“As she headed back toward the briar patch with some blades of grass in her beak, she heard something behind her. Straggler! She was so stunned that she almost dropped everything. He looked exhausted and sad. She was glad to see him, but she stopped in her tracks so he wouldn’t catch her with her egg” (Chapter 4: The hen who dreamed she could fly, page 44, par. 1).

Question: Why do you think Sprout was stunned to see Stragler? What was Sprout doing, that she always wanted to do?

Answer: In chapter four, “The egg in the briar patch,” Sprout worried about Stragler, especially because he was sad. In fact, Sprout was very concerned and “she wondered what had happened to her friend. He didn’t tell her anything, but from time to time he moved his head out from under his wing and looked at her with sad eyes” (Hwang 44). Sprout had always wanted to hatch an egg of her own, “eventually Sprout went back into the briar patch and settled over the egg” (Hwang 44). Sprout said to herself,
“This is my egg. My baby that I can tell my stories to!” (Hwang 43). It is clear that Sprout had finally found a way to do what she had longed to do for so long, and hatch her egg.

Posted by: CH4_44_Andre Gilbert at February 22, 2016 10:27 AM

Emily Buckley
Dr. B Lee Hobbs
ENG 220CL Journeys in Narrative CA01
23 February 2016

“The next day Sprout and Baby returned to the reed fields. Baby jumped into the water, and Sprout went to take a look at their nest. But then she saw something awful. The reed warblers had been attacked.” (Chapter 7: Certainly a Duck, page 85, par. 3, Sun-mi Hwang)

Question: This passage refers to a moment before Sprout makes a decision about her future along with her baby. She vows something so that she could be safe from the weasel. What is the vow that Sprout makes?

Answer: After Sprout sees what the weasel did the reed warbler’s nest, Sprout vows to never make a permanent home anywhere to avoid discovery by the weasel. She vowed, “…not to make a permanent home anywhere. She would spot the hunter’s shadow before the hunter spotted them.” (Hwang 85)

Posted by: Emily Buckley at February 23, 2016 04:55 PM

Thomas Egyed
Dr. Hobbs
ENG 220CL Journeys in Narrative CA01
23 February 2016

“Sprout looked closely- Baby wasn’t drowning; he was definitely swimming, albeit clumsily. Dripping wet, Sprout laughed loudly. Her baby was doing things he hadn’t been taught. ‘Yes, you’re certainly a duck!’” (Chapter 7: Certainly a Duck, page 79, par. 6, Hwang)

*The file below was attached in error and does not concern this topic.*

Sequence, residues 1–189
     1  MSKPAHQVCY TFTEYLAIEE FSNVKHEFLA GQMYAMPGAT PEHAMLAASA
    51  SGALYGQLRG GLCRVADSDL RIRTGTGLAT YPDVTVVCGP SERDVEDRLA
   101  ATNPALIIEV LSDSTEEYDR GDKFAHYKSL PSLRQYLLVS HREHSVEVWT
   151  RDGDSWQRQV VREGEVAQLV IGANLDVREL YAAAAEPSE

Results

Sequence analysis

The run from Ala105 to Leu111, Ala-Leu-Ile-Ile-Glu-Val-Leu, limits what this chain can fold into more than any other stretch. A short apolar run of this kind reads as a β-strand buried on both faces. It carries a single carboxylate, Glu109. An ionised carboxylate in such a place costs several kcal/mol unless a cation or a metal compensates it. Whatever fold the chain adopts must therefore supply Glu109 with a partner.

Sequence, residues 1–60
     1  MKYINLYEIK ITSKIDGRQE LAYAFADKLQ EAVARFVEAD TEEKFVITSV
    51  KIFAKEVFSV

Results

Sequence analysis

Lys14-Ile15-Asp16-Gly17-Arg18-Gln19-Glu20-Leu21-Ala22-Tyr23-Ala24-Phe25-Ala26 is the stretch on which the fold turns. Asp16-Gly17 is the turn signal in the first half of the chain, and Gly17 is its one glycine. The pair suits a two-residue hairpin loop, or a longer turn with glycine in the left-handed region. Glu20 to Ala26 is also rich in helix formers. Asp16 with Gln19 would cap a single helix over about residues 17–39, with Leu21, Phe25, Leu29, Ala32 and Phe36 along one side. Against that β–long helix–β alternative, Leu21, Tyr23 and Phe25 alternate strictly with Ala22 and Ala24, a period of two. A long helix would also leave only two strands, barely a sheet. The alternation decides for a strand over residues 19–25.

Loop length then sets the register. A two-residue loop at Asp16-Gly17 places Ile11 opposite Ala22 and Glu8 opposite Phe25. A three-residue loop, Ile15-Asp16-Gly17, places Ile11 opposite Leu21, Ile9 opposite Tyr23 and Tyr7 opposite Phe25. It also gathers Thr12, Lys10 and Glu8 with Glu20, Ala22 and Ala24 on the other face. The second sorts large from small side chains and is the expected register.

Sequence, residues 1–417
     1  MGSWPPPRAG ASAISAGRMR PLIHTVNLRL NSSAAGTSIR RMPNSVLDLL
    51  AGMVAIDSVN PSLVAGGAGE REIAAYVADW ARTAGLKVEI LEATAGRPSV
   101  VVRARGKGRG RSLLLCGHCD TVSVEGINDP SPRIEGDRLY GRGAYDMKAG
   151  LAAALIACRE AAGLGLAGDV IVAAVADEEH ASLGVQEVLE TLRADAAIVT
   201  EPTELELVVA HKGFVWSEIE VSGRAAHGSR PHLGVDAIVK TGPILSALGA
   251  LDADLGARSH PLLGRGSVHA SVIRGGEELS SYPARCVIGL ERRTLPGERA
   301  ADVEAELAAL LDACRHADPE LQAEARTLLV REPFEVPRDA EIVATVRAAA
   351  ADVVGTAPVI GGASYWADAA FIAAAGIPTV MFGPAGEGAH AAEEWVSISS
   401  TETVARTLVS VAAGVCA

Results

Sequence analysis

Question: If the duckling was never taught how to swim before how was he able to do it?

Answer: He was able to do it because of his collective unconscious which Carl Jung said was the part of the brain that housed all the information that is passed on from generation to generation. It is something we acquire at birth. This is how the baby duck was able to swim after he fell off the lily pad.

Posted by: Thomas Egyed at February 23, 2016 08:31 PM

Jessica McKinney
Dr. Hobbs
ENG220CL Journeys in Narrative CA01
21 February 2016

“Sprout was scared, but she remained where she was. She didn’t want to do what the rooster demanded. “Let me see that duckling, I said!” Thundered the rooster, his neck feathers standing on end.” (Chap. 6 pg. 65 par. 1 Sun-Mi Hwang)

Question: What was Sprout’s response to the rooster? What did Sprout realize after the rooster’s statement?

Answer: Sprout’s response to the rooster was “Duckling?” (Hwang 65) Sprout hadn’t realized that the egg she was incubating was a duck’s egg. Sprout started analyzing her baby, and she noticed “All her baby’s toes were welded together. His beak was round, and he waddled, but she had chalked it all up to his youth.” (Hwang 65) Everything started making sense to Sprout; she finally realized why the egg was just sitting there all alone that night she heard a scream. Sprout began to piece everything together. Sprout thought to herself “I was incubating the white’s duck’s egg. Straggler knew everything—when the egg would hatch and that he had to die so it could live.” (Hwang 65)

Posted by: Jessica McKinney at February 23, 2016 09:02 PM

Jessica McKinney
Dr. Hobbs
ENG220CL Journeys in Narrative CA01